Quotable: Joseph Chapa on drones and public affairs
Sunday, September 25th 2016
“The fact that information is biased does not make it false, and the fact that information intends to shape public opinion and action does not make it underhanded or deceitful. * * * America has met the enemy’s PR effectiveness with its own PR failures. Misconceptions about RPA operations have been widespread and continue to proliferate.”
Author: Captain Joseph O. Chapa, USAF
Source: Air and Space Power Journal
Date: September-October, 2014
- . . . the negative connotation often intended by the term propaganda. Although governments and terrorist organizations may engage in it, the term remains unhelpful. The fact that information is biased does not make it false, and the fact that information intends to shape public opinion and action does not make it underhanded or deceitful.
- Prof. Audrey Kurth Cronin of Oxford University and George Mason University takes the strongest position: “Al Qaeda uses the strikes that result in civilian deaths, and even those that don’t, to frame Americans as immoral bullies who care less about ordinary people than al Qaeda does.” (She notes that this PR strategy is effective in spite of the fact that US RPA strikes avoid civilians about 86 percent of the time and that al Qaeda purposefully targets them.) This is the “enemy PR campaign” view—the most plausible of the three—which asserts that intelligent people within the enemy’s organizational structure intentionally affect information streams so that passive recipients (global populations) will condemn the United States’ use of RPAs.
- America has met the enemy’s PR effectiveness with its own PR failures. Misconceptions about RPA operations have been widespread and continue to proliferate. Take for example the “video game problem.” Bowden says that killing from 3,000 miles away is “like a video game; it’s like Call of Duty.” Professor Brennan-Marquez claims that the “numbness that results from using machines rather than soldiers to carry out our dirty work” produces “the nightmarish image of an 18-year-old drone operator basically playing video games from the detached safety of a Nevada bunker.”
- . . . the subtitle of an article by Michael Brooks, a science journalist and holder of a PhD in quantum physics, in the New Statesman reads, “Can You Play a Video Game? Then You Can Fly a Drone.” This video game argument employs a logical fallacy called “a failure to recognize distinctions” by D. A. Carson and a “faulty analogy” by Norman Geisler and Ronald Brooks.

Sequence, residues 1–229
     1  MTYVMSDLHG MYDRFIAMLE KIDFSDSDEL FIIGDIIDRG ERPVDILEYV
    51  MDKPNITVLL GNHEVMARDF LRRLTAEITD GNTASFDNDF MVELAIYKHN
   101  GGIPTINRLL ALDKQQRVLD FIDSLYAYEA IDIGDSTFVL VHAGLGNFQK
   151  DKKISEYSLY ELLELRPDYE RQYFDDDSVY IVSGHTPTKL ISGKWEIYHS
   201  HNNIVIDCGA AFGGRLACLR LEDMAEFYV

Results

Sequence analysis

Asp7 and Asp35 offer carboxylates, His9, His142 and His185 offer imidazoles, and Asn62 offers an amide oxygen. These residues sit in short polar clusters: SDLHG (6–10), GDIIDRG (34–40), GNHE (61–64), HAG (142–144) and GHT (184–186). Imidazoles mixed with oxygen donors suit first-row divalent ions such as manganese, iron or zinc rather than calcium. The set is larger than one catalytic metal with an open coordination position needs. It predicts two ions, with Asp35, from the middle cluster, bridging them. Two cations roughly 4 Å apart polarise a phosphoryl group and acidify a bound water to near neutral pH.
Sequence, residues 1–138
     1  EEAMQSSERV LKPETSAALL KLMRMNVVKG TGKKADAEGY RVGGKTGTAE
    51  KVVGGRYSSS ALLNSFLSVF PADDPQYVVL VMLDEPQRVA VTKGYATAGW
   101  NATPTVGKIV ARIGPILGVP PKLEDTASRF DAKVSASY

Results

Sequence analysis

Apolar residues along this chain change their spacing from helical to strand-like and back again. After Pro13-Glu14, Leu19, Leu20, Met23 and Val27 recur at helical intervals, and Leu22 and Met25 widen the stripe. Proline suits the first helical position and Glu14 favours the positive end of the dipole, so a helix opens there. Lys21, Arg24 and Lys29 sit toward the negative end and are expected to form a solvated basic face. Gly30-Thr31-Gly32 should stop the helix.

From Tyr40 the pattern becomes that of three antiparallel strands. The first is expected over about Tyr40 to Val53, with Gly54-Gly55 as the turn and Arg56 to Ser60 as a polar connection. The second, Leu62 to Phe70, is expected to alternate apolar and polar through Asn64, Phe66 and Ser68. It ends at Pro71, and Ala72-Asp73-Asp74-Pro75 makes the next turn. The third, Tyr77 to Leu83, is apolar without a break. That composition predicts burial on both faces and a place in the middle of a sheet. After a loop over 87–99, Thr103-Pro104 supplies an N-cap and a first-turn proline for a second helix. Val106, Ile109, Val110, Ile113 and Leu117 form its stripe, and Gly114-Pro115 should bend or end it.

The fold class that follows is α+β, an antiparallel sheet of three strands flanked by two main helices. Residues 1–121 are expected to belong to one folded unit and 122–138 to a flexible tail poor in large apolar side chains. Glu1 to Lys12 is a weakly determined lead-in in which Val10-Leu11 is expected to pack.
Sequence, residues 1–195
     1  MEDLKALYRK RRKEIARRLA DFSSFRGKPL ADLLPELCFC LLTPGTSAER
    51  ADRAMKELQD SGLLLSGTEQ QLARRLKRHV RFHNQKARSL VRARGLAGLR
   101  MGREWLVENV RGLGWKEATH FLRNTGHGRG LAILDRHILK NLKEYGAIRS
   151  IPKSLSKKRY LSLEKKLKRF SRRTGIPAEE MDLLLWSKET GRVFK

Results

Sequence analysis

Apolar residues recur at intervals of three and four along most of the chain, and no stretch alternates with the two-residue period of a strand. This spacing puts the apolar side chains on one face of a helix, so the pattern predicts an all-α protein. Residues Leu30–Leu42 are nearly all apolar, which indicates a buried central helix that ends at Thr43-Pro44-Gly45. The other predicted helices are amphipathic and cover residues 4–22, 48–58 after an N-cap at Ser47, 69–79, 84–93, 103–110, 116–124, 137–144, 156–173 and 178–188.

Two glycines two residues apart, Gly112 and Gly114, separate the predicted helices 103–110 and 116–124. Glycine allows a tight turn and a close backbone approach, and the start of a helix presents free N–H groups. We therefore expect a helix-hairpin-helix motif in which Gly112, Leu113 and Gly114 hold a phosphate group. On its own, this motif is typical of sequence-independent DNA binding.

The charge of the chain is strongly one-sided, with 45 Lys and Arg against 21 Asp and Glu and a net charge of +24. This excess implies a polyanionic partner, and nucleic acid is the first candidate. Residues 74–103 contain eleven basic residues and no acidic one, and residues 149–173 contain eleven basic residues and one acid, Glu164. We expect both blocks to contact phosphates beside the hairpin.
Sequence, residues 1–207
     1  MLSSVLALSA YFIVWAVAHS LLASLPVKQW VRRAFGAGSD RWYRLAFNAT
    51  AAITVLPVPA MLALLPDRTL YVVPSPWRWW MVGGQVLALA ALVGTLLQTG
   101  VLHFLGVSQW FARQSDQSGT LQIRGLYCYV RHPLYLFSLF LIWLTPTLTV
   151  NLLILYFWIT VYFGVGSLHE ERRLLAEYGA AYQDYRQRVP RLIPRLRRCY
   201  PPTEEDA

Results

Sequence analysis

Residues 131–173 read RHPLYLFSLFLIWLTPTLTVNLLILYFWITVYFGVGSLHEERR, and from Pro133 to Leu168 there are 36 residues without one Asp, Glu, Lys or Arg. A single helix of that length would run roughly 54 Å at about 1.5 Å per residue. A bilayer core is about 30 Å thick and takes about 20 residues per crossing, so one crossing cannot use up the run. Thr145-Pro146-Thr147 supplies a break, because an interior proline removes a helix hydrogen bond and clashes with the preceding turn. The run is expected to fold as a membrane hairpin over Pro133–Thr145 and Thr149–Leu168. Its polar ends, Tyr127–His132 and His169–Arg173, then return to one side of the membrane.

- The video game problem offers the best example of a PR failure that the US government could rectify with a better PR campaign. People think that flying an RPA is like playing a video game, in part, because of their limited exposure to the operations of that platform. After all, they see only the video-game-like apparatus of a dark room, video monitors, a headset, and a microphone—but no flight physiology (see the Air Force’s own television advertisements).
- It should come as no surprise that they extend the analogy between RPA and video games beyond its legitimate reach. This problem, though, is not the only one faced by the US PR campaign
- As long as the US government maintains radio silence on its RPA program, responsible readers must recognize that they are receiving only one side of a necessarily polarized story. Once readers realize that an enemy with a sophisticated and well-practiced PR machine at its disposal is engaged in information warfare, using the media as an instrument, they should view these reports cautiously rather than dogmatically.
- On the contrary, to the extent that national security can be safeguarded, this article has argued that the federal government should not simply disclose but publicize much of its RPA program that remains in the dark. The battle for hearts and minds with respect to RPAs is being waged in the PR domain. Today, the enemy is winning.